Nelson et al v. Levy et al

Filing 106

ORDER DENYING PLAINTIFFS' MOTION FOR PRELIMINARY INJUNCTION. Signed by Judge Maxine M. Chesney on 05/23/17. (mmclc2, COURT STAFF) (Filed on 5/23/2017)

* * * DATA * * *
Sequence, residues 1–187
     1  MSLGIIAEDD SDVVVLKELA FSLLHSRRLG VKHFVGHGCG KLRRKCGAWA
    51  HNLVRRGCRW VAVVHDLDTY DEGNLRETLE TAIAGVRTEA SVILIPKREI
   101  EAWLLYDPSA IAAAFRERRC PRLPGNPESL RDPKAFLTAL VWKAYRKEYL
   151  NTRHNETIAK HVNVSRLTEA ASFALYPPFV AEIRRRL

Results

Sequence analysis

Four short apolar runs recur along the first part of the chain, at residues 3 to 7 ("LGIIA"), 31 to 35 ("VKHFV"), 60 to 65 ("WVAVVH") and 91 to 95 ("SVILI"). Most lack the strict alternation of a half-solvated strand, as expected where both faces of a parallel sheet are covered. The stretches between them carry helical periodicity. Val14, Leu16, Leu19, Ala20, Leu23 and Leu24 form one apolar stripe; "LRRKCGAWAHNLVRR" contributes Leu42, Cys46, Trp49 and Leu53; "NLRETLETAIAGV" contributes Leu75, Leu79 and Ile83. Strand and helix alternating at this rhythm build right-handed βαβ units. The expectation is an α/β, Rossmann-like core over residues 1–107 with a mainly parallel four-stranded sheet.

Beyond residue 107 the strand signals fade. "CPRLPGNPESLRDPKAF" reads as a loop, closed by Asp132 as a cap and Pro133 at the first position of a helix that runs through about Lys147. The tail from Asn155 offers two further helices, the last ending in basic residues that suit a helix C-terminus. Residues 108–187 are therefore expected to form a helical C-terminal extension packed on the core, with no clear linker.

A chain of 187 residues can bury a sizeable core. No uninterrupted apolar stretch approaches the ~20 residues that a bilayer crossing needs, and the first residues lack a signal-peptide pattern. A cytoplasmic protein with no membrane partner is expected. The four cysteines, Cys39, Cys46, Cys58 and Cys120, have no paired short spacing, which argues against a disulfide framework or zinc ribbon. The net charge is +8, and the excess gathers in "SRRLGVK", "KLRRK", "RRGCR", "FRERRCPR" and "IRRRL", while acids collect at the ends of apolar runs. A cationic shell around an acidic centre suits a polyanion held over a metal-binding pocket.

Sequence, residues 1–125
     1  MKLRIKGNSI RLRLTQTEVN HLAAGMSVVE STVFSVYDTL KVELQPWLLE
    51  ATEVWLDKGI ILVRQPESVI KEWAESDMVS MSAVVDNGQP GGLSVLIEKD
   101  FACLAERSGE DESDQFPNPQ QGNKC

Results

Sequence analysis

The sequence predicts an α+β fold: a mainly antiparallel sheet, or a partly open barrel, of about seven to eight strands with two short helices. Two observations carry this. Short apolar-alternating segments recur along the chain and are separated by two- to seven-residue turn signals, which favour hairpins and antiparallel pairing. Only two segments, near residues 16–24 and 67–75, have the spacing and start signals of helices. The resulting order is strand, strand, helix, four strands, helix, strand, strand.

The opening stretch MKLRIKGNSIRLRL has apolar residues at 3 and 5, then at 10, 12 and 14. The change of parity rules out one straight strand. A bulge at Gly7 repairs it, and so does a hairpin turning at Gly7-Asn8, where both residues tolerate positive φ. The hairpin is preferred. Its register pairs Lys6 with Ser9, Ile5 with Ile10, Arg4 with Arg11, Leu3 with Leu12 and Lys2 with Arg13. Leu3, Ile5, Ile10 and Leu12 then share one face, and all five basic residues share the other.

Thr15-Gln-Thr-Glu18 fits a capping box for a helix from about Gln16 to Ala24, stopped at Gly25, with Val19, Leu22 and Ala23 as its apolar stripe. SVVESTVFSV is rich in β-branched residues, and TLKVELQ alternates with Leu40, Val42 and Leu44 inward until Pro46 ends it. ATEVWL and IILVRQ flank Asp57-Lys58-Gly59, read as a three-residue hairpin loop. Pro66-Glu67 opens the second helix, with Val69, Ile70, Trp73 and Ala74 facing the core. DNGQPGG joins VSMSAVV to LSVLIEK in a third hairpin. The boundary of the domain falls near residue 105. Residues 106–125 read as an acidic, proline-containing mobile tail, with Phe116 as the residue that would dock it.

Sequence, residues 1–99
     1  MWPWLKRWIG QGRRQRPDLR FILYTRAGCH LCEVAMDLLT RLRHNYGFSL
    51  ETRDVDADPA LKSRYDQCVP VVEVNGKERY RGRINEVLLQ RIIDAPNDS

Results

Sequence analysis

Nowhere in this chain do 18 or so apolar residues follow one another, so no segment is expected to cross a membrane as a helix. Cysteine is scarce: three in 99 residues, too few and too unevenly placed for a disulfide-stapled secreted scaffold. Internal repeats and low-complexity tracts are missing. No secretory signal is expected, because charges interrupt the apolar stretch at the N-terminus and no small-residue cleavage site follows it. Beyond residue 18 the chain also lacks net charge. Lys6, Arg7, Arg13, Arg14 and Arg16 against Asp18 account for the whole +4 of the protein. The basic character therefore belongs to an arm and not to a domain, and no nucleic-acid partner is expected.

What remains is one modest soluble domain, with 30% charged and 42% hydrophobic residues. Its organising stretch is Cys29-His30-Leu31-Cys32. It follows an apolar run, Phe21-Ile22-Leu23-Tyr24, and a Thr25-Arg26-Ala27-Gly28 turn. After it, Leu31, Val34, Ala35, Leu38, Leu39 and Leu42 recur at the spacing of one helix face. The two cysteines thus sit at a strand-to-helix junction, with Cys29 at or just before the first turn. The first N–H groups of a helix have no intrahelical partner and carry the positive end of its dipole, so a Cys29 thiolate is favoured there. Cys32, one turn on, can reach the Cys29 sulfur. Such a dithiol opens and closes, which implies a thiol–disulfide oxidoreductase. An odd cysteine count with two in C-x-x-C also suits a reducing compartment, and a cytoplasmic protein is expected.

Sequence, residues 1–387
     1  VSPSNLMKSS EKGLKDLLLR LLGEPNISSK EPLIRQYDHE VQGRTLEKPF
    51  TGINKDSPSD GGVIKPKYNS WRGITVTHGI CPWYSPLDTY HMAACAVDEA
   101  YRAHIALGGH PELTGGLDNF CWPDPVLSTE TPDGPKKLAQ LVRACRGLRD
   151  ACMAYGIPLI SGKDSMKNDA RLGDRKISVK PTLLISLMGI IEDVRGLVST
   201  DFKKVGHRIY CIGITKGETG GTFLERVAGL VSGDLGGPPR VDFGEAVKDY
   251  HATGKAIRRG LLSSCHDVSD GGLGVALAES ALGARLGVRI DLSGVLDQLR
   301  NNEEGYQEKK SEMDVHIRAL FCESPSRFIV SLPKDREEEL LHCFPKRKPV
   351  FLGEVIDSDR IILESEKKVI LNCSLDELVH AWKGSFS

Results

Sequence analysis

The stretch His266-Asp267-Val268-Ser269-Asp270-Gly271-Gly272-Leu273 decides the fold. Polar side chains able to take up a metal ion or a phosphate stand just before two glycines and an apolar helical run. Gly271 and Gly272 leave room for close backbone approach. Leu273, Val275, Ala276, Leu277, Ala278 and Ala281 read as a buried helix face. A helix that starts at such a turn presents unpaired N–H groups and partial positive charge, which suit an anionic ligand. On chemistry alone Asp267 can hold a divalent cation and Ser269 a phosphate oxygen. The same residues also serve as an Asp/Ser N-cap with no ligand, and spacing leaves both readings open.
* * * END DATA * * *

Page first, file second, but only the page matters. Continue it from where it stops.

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1 2 3 4 5 IN THE UNITED STATES DISTRICT COURT 6 FOR THE NORTHERN DISTRICT OF CALIFORNIA 7 8 LESLEE A. NELSON, et al., Plaintiffs, 9 10 United States District Court Northern District of California 11 12 v. Case No. 16-cv-03797-MMC ORDER DENYING PLAINTIFFS’ MOTION FOR PRELIMINARY INJUNCTION RAYAH LEVY, et al., Defendants. Re: Dkt. No. 48 13 14 Before the Court is plaintiffs’ Motion for Preliminary Injunction, filed November 23, 15 2016. The matter came on regularly for hearing on March 17, 2017. D. Gill Sperlein of 16 the Law Office of D. Gill Sperlein and Abraham M. George of the Law Office of Abraham 17 George, P.C. appeared on behalf of plaintiffs Leslee A. Nelson (“Nelson”) and Nancy 18 Barth (“Barth”). Mark A. Pruner of the Law Office of Mark A. Pruner appeared on behalf 19 of defendants Rayah Levy (“Levy”) and Rachel Rayah Levy International, Inc. (“RRLI”) 20 (collectively, “Levy Defendants”). Andrew D. Winghart of Winghart Law Group appeared 21 on behalf of defendant Jessica Jacobson (“Jacobson”). 22 At the hearing, the Court afforded the Levy Defendants the opportunity to file a 23 surreply to address issues raised by plaintiffs for the first time in their reply, and, on April 24 4, 2017, the Levy Defendants submitted additional declarations as to those issues. 25 The Court, having considered the papers filed by the parties, as well as the 26 arguments of counsel at the hearing, rules as follows. 27 BACKGROUND 28 In the operative complaint, plaintiffs’ Second Amended Complaint (“SAC”), 1 2 plaintiffs allege the following: Levy is a “co-founder” and the “Chief Executive Officer” of RRLI, (SAC ¶ 15), 3 which “does business as ArtéQuesta” (id. ¶ 19). Jacobson is “an art collector who 4 teamed up with [Levy] in 2008 to co-found ArtéQuesta” (id. ¶ 17) and “was the Chief 5 Creative Officer of ArtéQuesta until at least the end of 2013” (id. ¶ 21). “Defendants hold 6 themselves out to the public . . . as a museum, investment advisors, and well-connected 7 art experts, who are able to assist individuals, families, companies, and institutions build 8 investment quality art collections.” (Id. ¶ 31.) Barth “first met [Levy] in August of 2013” (id. ¶ 47), at which time Levy “described 10 herself to Barth as [an] investment advisor and an art expert in Jewish art” (id. ¶ 49) and 11 United States District Court Northern District of California 9 “told Barth that most of ArtéQuesta’s clients had no prior experience in art investments, 12 but that they nonetheless had made substantial profits in art investments made through [] 13 ArtéQuesta” (id. ¶ 50). Based on these and other representations, Barth “agreed to 14 purchase” art from ArtéQuesta and wired “$370,000” to the bank account specified by 15 Levy. (See id. ¶¶ 52-53.) “Shortly thereafter, Barth received through the mail 16 ‘Certificates of Fine Art Evaluation’” that “indicated the artwork she had purchased had 17 more than tripled in value.’’ (Id. ¶ 54). “In Autumn 2013, after further solicitations,” Barth, 18 “[b]ased on the additional assurances and the incredible success of her initial investment, 19 . . . purchased two additional artworks . . . for a total of $50,000.” (Id. ¶ 56.) 20 Nelson “first met [Levy] in September 2014” (id. ¶ 59) and Levy represented 21 herself to Nelson “as an art investment advisor,” telling Nelson that “investing in art – 22 specifically the art that [Levy] and ArtéQuesta had identified and selected for clients, 23 would be a safer and more profitable investment than a portfolio of stocks and bonds” 24 (id. ¶ 61) and ArtéQuesta’s art “was a remarkable, enduring investment that could only go 25 up in value as she had made so much money for so many of her clients” (id. ¶ 62). 26 Based on these and other representations, “Nelson decided to make an initial investment 27 of $300,000” and wired that sum to an RRLI account on November 20, 2014 (see id. 28 ¶¶ 68-69), after which she also “received certificates of fine art authenticity claiming that 2 1 the artwork had more than doubled in value” (id. ¶ 73). Plaintiffs later discovered that 2 “five of the six pieces [Nelson] purchased belonged to . . . Barth.” (See id. ¶ 71.) Such 3 sale, however, was “not made on behalf of Barth,” who was “never informed . . . of the 4 sale.” (Id. ¶ 72.) 5 Plaintiffs allege that Levy’s representations to plaintiffs as to the value of the art 6 was “knowingly and materially false,” that the art was only “worth approximately 10% to 7 20% of what [p]laintiffs paid for it” (id. ¶ 162), and that “Levy and/or Jacobson made the 8 [certificate] values up from thin air” (id. ¶ 55). In support thereof, they allege that Nelson, 9 who at some point “insisted that ArtéQuesta deliver the artwork to her,” hired two appraisers, one of whom “valued the collection for which Nelson had paid $300,000 at a 11 United States District Court Northern District of California 10 mere $30,000” and the other “appraised it at even less: $17,000.” (See id. ¶ 74.) Nelson 12 later “sold the collection through an estate liquidation company for a mere $11,781,” and 13 Barth “never received any money or artwork.” (See id.) 14 Based thereon, plaintiffs assert four Causes of Action, titled, respectively: 15 “Violation of RICO – § 1962(c) (Against All Defendants),” “Conspiracy to violate RICO – 16 18 U.S.C. § 1962(d) (Against all Defendants),” “Fraud: Intentional Misrepresentation 17 (Against All Defendants),” and “Breach of Oral Contract (Against Defendants Rayah 18 Levy, and RRLI, Inc.)”1 In addition to damages, plaintiffs seek “injunctive relief in the 19 form of a constructive trust” as to “[p]laintiffs’ funds used to purchase artwork, as well as 20 any artwork or other assets purchased with those funds.” (Id. at 44:16-20.) 21 By the instant motion, plaintiffs seek a preliminary injunction “to freeze 22 [d]efendants’ assets in order to ensure that the illicit profits remain available so that the 23 Court will have the ability to order the equitable relief of a constructive trust.” (Mot. at 24 2:11-13.) In particular, plaintiffs ask the Court to enjoin defendants from (1) “selling, 25 moving, transferring, or dissipating any artwork currently in their possession or control”; 26 (2) “selling moving, transferring, or dissipating illicit profits earned from the art investment 27 1 28 On February 21, 2017, Barth withdrew her claim for breach of oral contract. 3 1 funds obtained from [plaintiffs] or any funds or assets purchased with said illicit profits”; 2 and (3) “selling, transferring, or encumbering any real property in which any [d]efendant 3 holds an interest.” (Pl.’s Proposed Order, at 2:20-3:2.) LEGAL STANDARD 4 5 A preliminary injunction is “an extraordinary remedy that may only be awarded 6 upon a clear showing that the plaintiff is entitled to such relief.” See Winter v. Nat. Res. 7 Def. Council, 555 U.S. 7, 22 (2008). “A plaintiff seeking a preliminary injunction must 8 establish that” (1) “he is likely to succeed on the merits,” (2) “he is likely to suffer 9 irreparable harm in the absence of preliminary relief,” (3) “the balance of equities tips in 10 United States District Court Northern District of California 11 his favor,” and (4) “an injunction is in the public interest.” Id. at 20. In the alternative, a plaintiff may establish, rather than a likelihood of success on the 12 merits, “that serious questions going to the merits were raised,” provided such plaintiff 13 also establishes a likelihood of irreparable harm, “a balance of hardships that tips sharply 14 toward the plaintiff,” and the injunction is in the public interest. See All. for the Wild 15 Rockies v. Cottrell, 632 F.3d 1127, 1135 (9th Cir. 2011). A “serious question” is “one as 16 to which the moving party has a fair chance of success on the merits.” Sierra On-Line, 17 Inc. v. Phoenix Software, Inc., 739 F.2d 1415, 1421 (9th Cir. 1984). DISCUSSION 18 19 In support of their respective positions as to an injunction, the parties have 20 submitted a number of declarations, both from themselves and from other individuals. At 21 the outset, the Court addresses whether, in addition to those declarations, an evidentiary 22 hearing is necessary. In that regard, the Court first notes that, for purposes of 23 determining a motion for preliminary injunction, the Court “is not required to make . . . 24 binding findings of fact,” rather, “it need only find probabilities that the necessary facts 25 can be proved.” See id. at 1423. 26 Here, plaintiffs and Jacobson, in their briefing, have asked the Court to hold an 27 evidentiary hearing to assess the credibility of the declarants. As the Court noted at the 28 March 17 hearing, however, “plaintiffs’ entire case . . . is based on an argument that the 4 1 art pieces they bought were so over-valued that the differential is reflective of a state of 2 mind consistent with an intent to deceive them.” (Hearing Tr., Mar. 17, 2017, at 6:2-6.) 3 Having reviewed the appraisers’ competing declarations and other submissions bearing 4 on their respective valuations, some of which, with leave of court, were filed after the 5 hearing, the Court finds it now has before it a sufficient record for purposes of 6 determining the effect of that evidentiary dispute on the probability of plaintiffs’ prevailing 7 on their claims. As to additional individuals likely to be called at trial, the Court, as 8 discussed below, has a sufficient evidentiary basis upon which to assess their potential 9 as persuasive witnesses. See, e.g., Hilo v. Exxon Corp., 997 F.2d 641, 646 (9th Cir. 1993) (holding request for preliminary injunction “should not be made the occasion for a 11 United States District Court Northern District of California 10 mini-trial” on ultimate issue). 12 Accordingly, the Court finds an evidentiary hearing is not needed in this instance, 13 and next considers whether plaintiffs have met their burden of showing a preliminary 14 injunction is warranted. 15 A. Likelihood of Success or Serious Questions 16 As set forth above, plaintiffs must show either that they are likely to succeed on 17 the merits or that they have raised a serious question going to the merits. As the 18 evidence on which plaintiffs’ claims against Jacobson and the Levy Defendants are 19 based differs considerably, the Court addresses each, in turn. 1. Jacobson 20 21 The parties agree that Jacobson did not interact with either plaintiff. Plaintiffs 22 contend Jacobson was a co-conspirator in the alleged fraudulent scheme and, in support 23 thereof, offer the following circumstantial evidence: Jacobson and Levy “were publicly 24 identified” as the co-founders of ArtéQuesta (see Yamot Decl., filed Nov. 23, 2016, 25 ¶ 39);2 Barth met with Levy at Jacobson’s residence (see Barth Decl. ¶ 5), and Jacobson 26 27 28 2 According to the First Amended Complaint (“FAC”), Jacobson “may have left the enterprise at the end of 2013.” (See FAC at 9 n.5.) 5 1 was paid by ArtéQuesta for such general use, as well as for storage of art (see Yamot 2 Decl., filed Nov. 23, 2016, ¶ 42); Jacobson shared a bank account with Levy (see id. 3 ¶ 10); Jacobson showed Yamot how to create “fake certificate[s] of fine art evaluation[]” 4 (see id. ¶ 25); and Jacobson, in speaking with Yamot, “acknowledged” the “greatly 5 inflated values” (see id. ¶ 31). Earlier, in ruling on Jacobson’s motion to dismiss the SAC, 6 the Court reviewed essentially the same allegations, and, after piecing them together to 7 construct a timeline, found plaintiffs had alleged barely enough facts to survive the 8 motion. (See Hearing Tr., Feb. 17, 2017, at 53:16-62:22; 79:2-5; Order, filed Feb. 24, 9 2017.) 10 Moreover, plaintiffs’ evidence as to Jacobson, which has been challenged by both United States District Court Northern District of California 11 Jacobson and Levy, is based almost entirely on declarations provided by a former 12 ArtéQuesta employee, Maritony Yamot (“Yamot"), whose credibility is subject to dispute. 13 In particular, in addition to disputing Jacobson’s’ position in the company and her 14 involvement in any sale to either plaintiff, defendants have submitted evidence that, prior 15 to the filing of the instant action, RRLI had sued Yamot in state court for, inter alia, fraud 16 in the course of her employment as RRLI’s Chief Financial Officer (see Def. Jacobson’s 17 Request for Judicial Notice, Ex. 1) and had obtained a default judgment against her in the 18 amount of $491,238 (see id. Ex. 2).3 Although the Court makes no finding itself as to 19 Yamot’s credibility or the truth of the allegations in the state court action, the Court finds 20 the litigation between Yamot and RRLI substantially weakens Yamot’s value as a witness 21 and, in turn, plaintiffs’ already thin circumstantial evidence as to Jacobson. 22 Under such circumstances, the Court finds plaintiffs have failed to make the 23 requisite showing as to the first element of either of the above-described tests for 24 preliminary injunctive relief and, consequently, as to Jacobson, plaintiffs are not entitled 25 26 27 28 3 Plaintiffs’ request for judicial notice as to the complaint and default judgment in the state court action is hereby GRANTED. See Rosales–Martinez v. Palmer, 753 F.3d 890, 894 (9th Cir. 2014) (“It is well established that [a court] may take judicial notice of judicial proceedings in other courts.”) 6 1 to such relief. 2. Levy Defendants 2 3 Turning next to the Levy Defendants, the Court first notes there is no dispute that 4 Levy sold plaintiffs authentic artwork, i.e., the pieces plaintiffs purchased were in fact 5 created by the artists to whom they were attributed by Levy. The dispute here centers 6 around whether the values Levy attributed to those pieces were so inflated in comparison 7 to their actual value as to constitute fraud.4 As noted, as to that issue, plaintiffs and the 8 Levy Defendants have submitted reports by their respective appraisers, as well as other 9 evidence relevant to the value of the art in question. 10 Specifically, plaintiffs have submitted two reports from Tony Pernicone United States District Court Northern District of California 11 (“Pernicone”), an experienced and accredited appraiser (see Pernicone Decl., filed Nov. 12 23, 2016, Ex. A), in which Pernicone evaluated the six pieces for which Nelson paid 13 $300,000 (see Nelson Decl. ¶ 26); in one report, he concludes the fair market value of 14 the collection was, as of August 2015, $26,500 (see Pernicone Decl., filed Feb. 3, 2017, 15 Ex. A at 4) and, in the other, he concludes the comparable insurance replacement value 16 was $41,500 at that time (see id. Ex. B at 4). The Court, for purposes of the instant 17 dispute, finds the fair market value is the more relevant figure. (See id. Ex. A at 5 18 (identifying “fair market value” as “[t]he price that the property would sell for on the open 19 market”); id. Ex. B at 5 (identifying “comparable insurance replacement value” as “the 20 price in terms of cash or other precisely revealed terms that would be required to replace 21 one property with another of similar age, quality, origin, appearance and condition”).) 22 As to fair market value, the Levy Defendants have submitted a report from 23 Frances Zeman, also an experienced and accredited appraiser (see Zeman Decl. Ex. A), 24 who identifies various inconsistencies in Pernicone’s report and further opines that 25 4 26 27 28 Although Barth states she has not received the proceeds from the sale of the art she purchased, and although the Levy Defendants do not dispute Barth’s entitlement to those proceeds, the Court finds any failure to pay such sum (a failure the Levy Defendants attribute to Yamot’s misappropriation of their assets) bears primarily on Barth’s claim for breach of oral contract, which, as noted above, has been withdrawn. 7 1 Pernicone failed to adhere to industry standards as to the assessment of fair market 2 value. (See id. Ex. B.) In addition, the Levy Defendants have submitted a report from 3 Jane St. Lifer, another experienced and accredited appraiser (see St. Lifer Decl. Ex. A), 4 in whose opinion one of the pieces at issue, an original oil with ground basalt by Moshe 5 Castel, titled Tabernacle of Israel,5 had, at the time of Nelson’s purchase in November 6 2014, and, contrary to the $10,000 value placed on it by Pernicone (see Pernicone Decl., 7 filed Feb. 3, 207, Ex. A at 18),6 a fair market value of $39,000 (see St. Lifer Decl. Ex. B at 8 12), i.e., $14,000 more than the $25,000 Barth paid for the piece in August 2013 (see 9 Barth Decl. ¶ 12, Ex. A at 4), and $3400 more than the $35,600 Nelson paid (see Nelson 10 United States District Court Northern District of California 11 Decl. ¶ 26). Further, in their supplemental filings, the Levy Defendants have submitted 12 additional information as to the sources Levy consulted in establishing the values she 13 assigned to plaintiffs’ purchases. In particular, the Levy Defendants have submitted 14 details from sales conducted by auction houses, showing, for three Castel pieces, sales 15 in amounts over $100,000 and, for a fourth Castel piece, a sale in the amount of 16 $216,000. (See Levy Decl., filed Apr. 7, 2017, Ex. A at 1-4.) As to Yaacov Agam, 17 another artist whose work was purchased by plaintiffs, the Levy Defendants have 18 submitted similar details as to various pieces, one of which was sold by Sotheby’s for 19 $698,500, and others of which were sold for substantial sums ranging from $20,000 to 20 $326,500. (See id. Ex. A at 7-16.) Although the Court makes no finding as to whether 21 such pieces are comparable to the pieces purchased by plaintiffs, the evidence of their 22 sales is relevant to show the artists in question are capable of commanding, on the open 23 market, high prices for their work.7 24 5 25 26 At the hearing, the parties agreed that the appraisers need not value all of the art purchased by both plaintiffs, and instead could value certain pieces as examples that the Court would consider indicative of the difference in value as seen from the standpoint of the respective parties. 27 6 As noted above, Pernicone valued the piece as of August 2015. 28 7 Additionally, Levy’s fiancé Randall Derrick (“Derrick”), also an art dealer (see 8 1 Given the above evidence, the Court, as to the Levy Defendants, finds plaintiffs 2 have not shown a likelihood of success on their fraud claims, but have raised a serious 3 question going to the merits of those claims. The Court thus turns to the question of 4 irreparable harm. 5 B. Likelihood of Irreparable Harm 6 As noted above, plaintiffs seek to freeze defendants’ assets “so that the Court will 7 have the ability to order the equitable relief of a constructive trust.” (Mot. at 2:11-13.) A 8 “preliminary injunction barring asset transfer is available where the suit seeks equitable 9 relief.” Johnson v. Courturier, 572 F.3d 1067, 1084 (9th Cir. 2009). To obtain such an injunction, plaintiffs “must show a likelihood of dissipation of the claimed assets, or other 11 United States District Court Northern District of California 10 inability to recover monetary damages if relief is not granted.” Id. at 1085. Evidence of a 12 defendant’s “own prior conduct” can establish “a likelihood that in the absence of an 13 asset freeze and accounting, [p]laintiffs will not be able to recover the improperly diverted 14 funds and thus will be irreparably harmed.” Id. 15 As evidence of such a likelihood, plaintiffs submit the following: (1) the resale of 16 part of Barth’s art to Nelson, which, plaintiffs argue, shows the Levy Defendants “are 17 willing to resell those works” and “[t]he only way to insure the preservation of the artwork” 18 is an injunction (Mot. at 22:24-26); and (2) declarations by Yamot and plaintiffs’ counsel 19 Abraham George (“George”), which, plaintiffs argue, shows the Levy Defendants 20 “regularly immediately move cash out of ArtéQuesta checking accounts and into either 21 accounts held by friends or relatives or to accounts outside this Court’s jurisdiction” (id. at 22 23:7-9). 23 24 25 26 27 28 Derrick Decl. ¶ 1), has submitted a declaration in which he states he purchased the six pieces Nelson sold at the estate sale (see id. ¶¶ 3-4; Nelson Decl. ¶¶ 26, 43-44), and resold Tabernacle of Israel for $35,000 “to a client in Hillsborough, . . . [who] took several months to decide on his purchase.” (Derrick Decl. ¶ 8). Derrick further states that, after paying $16,830 for all six pieces, he sold four of those pieces for prices ranging from $35,000 to $36,500 (see Derrick Decl. ¶ 6-8) and two for $90,000 each (see id. ¶ 9). Given his relationship to one of the defendants, however, Derrick’s credibility can be challenged on grounds of bias, and, in the absence of corroboration by arms-length purchasers, will carry significantly less weight than the evidence of auction house sales. 9 1 As to the resale of plaintiffs’ art, the Court notes that the Levy Defendants have 2 returned all of Nelson’s art, which, as set forth above, she has sold, and that, at the 3 March 17 hearing, the Court ordered the Levy Defendants, and they agreed, to hold any 4 of Barth’s art that remained in their possession. 5 As to the Levy Defendants’ bank accounts, to the extent plaintiffs rely on Yamot’s 6 declaration, in which she states Levy made trips overseas “with large amounts” of cash, 7 wired “large sums” of money overseas, and “boasted” that she was “‘judgment proof’” 8 (see Yamot Decl., filed Nov. 23, 2016, ¶¶ 32-33), such witness’s credibility is, as set forth 9 above, subject to question. As noted, plaintiffs also rely on a declaration from their counsel, who states he reviewed the Levy Defendants’ bank statements in connection 11 United States District Court Northern District of California 10 with collecting a judgment brought by a former ArtéQuesta employee, Marissa Halbrecht 12 (“Halbrecht”), and that those bank accounts “would start out with at least hundreds of 13 thousands of dollars in 2013,” that by 2015, “most of the accounts hovered in tens of 14 thousands of dollars,” and that “almost all the money that came in went right out.” 15 (George Decl. ¶ 9.) No detail, however, let alone documentation, has been provided in 16 support thereof, nor have plaintiffs shown any such asserted movement of funds is 17 inconsistent with legitimate personal or business purposes, particularly given Levy’s 18 undisputed family and business ties to Israel. Moreover, to the extent plaintiffs rely on 19 any difficulty George may have faced in collecting the above-referenced judgment, 20 George acknowledged at the March 17 hearing that Halbrecht, although it “took a year,” 21 did collect the amount awarded. (Hearing Tr., Mar. 17, 2017, at 49:19-50:4.) 22 Given the above, the Court finds plaintiffs have not shown a likelihood of 23 dissipation of assets by the Levy Defendants or that plaintiffs otherwise will be unable to 24 recover damages if awarded in the instant action. 25 26 Under such circumstances, as to the Levy Defendants, plaintiffs, having failed to establish the second of the above-listed elements, have not shown they are entitled to a 27 28 10 1 preliminary injunction.8 2 CONCLUSION 3 For the reasons stated above, plaintiffs’ motion for a preliminary injunction is 4 hereby DENIED. 5 6 IT IS SO ORDERED. 7 8 Dated: May 23, 2017 MAXINE M. CHESNEY United States District Judge 9 10 United States District Court Northern District of California 11 12 13 14 15 16 17 18 19 20 21 22 23 24 25 26 27 28 8 In light of this finding, the Court does not address herein either of the two remaining elements. The Courts does note, however, that where, as here, the requested injunction “has no impact on non-parties, the public interest will be at most a neutral factor.” See Stormans, Inc. v. Selecky, 586 F.3d 1109, 1138-39 (9th Cir. 2009). 11